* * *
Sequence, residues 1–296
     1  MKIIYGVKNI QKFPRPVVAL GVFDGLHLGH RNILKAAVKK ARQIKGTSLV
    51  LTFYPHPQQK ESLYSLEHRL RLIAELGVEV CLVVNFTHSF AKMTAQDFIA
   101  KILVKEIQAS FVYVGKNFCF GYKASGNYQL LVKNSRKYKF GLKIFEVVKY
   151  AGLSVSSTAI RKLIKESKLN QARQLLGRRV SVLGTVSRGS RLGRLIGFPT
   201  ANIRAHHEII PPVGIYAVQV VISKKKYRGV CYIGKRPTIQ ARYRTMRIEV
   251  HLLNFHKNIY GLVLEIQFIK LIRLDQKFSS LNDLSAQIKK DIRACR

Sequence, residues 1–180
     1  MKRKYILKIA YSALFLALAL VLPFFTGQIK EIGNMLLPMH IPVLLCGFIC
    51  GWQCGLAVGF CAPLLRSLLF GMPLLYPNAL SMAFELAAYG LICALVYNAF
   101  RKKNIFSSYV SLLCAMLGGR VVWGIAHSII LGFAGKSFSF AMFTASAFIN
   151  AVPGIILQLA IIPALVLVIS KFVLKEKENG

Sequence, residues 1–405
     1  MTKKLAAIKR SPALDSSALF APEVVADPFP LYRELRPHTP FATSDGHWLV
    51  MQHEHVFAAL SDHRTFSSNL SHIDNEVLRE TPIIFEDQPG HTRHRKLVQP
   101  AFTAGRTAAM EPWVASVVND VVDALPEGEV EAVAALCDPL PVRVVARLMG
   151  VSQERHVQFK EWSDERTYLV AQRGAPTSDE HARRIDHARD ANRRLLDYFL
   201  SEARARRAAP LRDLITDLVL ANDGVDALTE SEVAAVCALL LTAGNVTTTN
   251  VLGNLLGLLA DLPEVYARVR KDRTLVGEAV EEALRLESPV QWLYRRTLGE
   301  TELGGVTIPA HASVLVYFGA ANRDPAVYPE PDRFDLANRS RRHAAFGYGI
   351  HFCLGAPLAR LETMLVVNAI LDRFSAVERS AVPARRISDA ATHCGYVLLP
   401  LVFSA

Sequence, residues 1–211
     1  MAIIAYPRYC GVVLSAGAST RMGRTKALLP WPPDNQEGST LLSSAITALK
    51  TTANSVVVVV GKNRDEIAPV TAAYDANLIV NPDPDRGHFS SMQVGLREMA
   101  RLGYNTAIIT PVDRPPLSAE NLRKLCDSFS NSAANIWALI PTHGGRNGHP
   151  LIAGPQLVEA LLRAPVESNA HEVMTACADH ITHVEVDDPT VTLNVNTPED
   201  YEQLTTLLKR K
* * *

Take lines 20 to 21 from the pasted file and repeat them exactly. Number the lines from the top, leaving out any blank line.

   301  TELGGVTIPA HASVLVYFGA ANRDPAVYPE PDRFDLANRS RRHAAFGYGI
   351  HFCLGAPLAR LETMLVVNAI LDRFSAVERS AVPARRISDA ATHCGYVLLP